"The Anti-Communist Manifestos" successfully navigates through history, literature, and politics, and a reader opening to any random page is likely to become immediately engrossed. I personally enjoyed the elegance of Fleming's comments on memoir, that "subjective objective" form of writing, and his persuasive argument that "Witness" has a literary importance that has been overlooked by those whose interests have been limited to the factual.

Easy to understand why historians Tony Judt and Sean Wilentz have praised this book so enthusiastically.
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43 of 45 people found the following review helpful
5.0 out of 5 stars Essential and Original Guide, July 29, 2009
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This review is from: The Anti-Communist Manifestos: Four Books That Shaped the Cold War (Hardcover)
This is a brilliant analysis of the literary, philosophical, and political dimensions of four classic works. Fleming even-handedly discusses the complex political background, entering a life-or-death debate which is crucial to understanding the Cold War and its aftermath down to the present. He shows why the works should be read and re-read as literature, not just as the important historical documents they are. For example, he demonstrates why Koestler's "Darkness at Noon" is justly held to be one of the greatest novels of the Twentieth Century, and his placing it in context, during the ascendancy of Hitler and Stalin, is almost as fascinating as the breathtaking story within the novel. Throughout, Fleming writes with an entertaining and witty style that will engage any reader. I recommend it enthusiastically.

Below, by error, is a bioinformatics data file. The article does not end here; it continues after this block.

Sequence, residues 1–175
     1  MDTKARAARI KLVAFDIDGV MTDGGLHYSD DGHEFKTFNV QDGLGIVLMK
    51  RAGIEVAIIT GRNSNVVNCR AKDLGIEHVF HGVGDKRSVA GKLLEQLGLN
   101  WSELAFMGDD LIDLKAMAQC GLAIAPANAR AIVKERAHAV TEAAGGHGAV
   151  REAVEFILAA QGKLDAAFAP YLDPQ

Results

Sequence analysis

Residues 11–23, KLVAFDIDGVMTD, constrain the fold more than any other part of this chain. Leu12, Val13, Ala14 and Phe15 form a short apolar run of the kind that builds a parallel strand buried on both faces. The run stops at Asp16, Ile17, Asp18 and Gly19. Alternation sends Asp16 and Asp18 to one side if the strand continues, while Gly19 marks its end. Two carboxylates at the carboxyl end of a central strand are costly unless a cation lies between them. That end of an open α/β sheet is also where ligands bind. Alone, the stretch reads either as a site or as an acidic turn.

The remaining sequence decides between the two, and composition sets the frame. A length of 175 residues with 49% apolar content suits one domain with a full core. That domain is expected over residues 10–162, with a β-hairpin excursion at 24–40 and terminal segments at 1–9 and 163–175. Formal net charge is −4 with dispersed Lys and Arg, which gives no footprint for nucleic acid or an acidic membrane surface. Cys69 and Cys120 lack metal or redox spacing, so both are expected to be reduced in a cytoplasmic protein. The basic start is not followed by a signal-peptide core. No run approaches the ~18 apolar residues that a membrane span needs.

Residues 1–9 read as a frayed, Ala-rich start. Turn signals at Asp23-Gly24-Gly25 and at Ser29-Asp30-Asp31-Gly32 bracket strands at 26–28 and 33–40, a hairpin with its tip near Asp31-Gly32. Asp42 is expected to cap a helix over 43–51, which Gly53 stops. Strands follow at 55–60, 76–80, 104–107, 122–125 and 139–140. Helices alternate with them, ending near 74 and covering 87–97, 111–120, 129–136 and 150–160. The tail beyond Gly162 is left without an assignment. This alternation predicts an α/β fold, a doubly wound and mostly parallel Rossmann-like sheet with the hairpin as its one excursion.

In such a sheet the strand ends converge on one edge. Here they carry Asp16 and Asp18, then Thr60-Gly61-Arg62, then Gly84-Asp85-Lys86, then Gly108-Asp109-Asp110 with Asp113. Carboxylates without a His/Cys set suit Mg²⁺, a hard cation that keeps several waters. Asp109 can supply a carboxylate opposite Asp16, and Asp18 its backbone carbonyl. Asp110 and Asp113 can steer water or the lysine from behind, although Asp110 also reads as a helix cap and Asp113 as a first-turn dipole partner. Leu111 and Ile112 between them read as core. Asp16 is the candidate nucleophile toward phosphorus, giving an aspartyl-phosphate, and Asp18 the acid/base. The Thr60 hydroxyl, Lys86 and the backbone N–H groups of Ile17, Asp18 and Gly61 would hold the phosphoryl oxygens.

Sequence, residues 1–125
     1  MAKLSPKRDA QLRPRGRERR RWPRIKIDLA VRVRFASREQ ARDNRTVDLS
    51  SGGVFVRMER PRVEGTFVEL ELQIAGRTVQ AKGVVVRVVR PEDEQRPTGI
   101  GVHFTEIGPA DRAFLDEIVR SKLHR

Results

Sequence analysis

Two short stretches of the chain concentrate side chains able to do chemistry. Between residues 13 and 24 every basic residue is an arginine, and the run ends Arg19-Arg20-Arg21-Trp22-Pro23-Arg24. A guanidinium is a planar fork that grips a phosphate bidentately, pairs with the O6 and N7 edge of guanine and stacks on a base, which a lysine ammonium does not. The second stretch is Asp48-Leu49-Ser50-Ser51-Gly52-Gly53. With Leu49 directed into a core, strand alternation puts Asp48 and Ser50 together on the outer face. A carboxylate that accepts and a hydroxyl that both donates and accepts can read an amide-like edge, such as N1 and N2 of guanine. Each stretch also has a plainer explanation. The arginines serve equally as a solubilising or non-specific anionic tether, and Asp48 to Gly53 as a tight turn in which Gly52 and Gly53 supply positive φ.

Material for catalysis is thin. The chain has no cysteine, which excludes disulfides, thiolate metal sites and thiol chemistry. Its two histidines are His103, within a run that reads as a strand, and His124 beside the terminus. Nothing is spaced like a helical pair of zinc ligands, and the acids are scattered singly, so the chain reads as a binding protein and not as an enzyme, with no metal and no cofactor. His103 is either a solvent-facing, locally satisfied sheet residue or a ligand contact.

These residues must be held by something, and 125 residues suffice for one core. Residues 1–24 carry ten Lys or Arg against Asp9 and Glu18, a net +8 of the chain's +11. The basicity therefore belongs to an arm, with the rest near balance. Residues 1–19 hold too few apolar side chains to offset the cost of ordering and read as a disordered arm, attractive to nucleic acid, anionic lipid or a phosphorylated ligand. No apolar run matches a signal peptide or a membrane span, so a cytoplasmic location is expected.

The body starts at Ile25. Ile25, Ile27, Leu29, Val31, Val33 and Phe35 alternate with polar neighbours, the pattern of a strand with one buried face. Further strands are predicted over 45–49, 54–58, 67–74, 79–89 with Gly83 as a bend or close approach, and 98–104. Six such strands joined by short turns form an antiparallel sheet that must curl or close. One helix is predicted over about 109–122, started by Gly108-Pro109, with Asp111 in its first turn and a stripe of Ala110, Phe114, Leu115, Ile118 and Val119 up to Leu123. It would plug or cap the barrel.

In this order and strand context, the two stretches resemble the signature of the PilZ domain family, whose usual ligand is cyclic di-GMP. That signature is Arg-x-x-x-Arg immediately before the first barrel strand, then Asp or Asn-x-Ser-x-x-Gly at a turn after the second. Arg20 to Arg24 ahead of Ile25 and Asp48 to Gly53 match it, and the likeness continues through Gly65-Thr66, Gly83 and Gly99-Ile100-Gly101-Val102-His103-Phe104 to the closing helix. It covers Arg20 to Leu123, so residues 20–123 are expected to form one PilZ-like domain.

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13 of 14 people found the following review helpful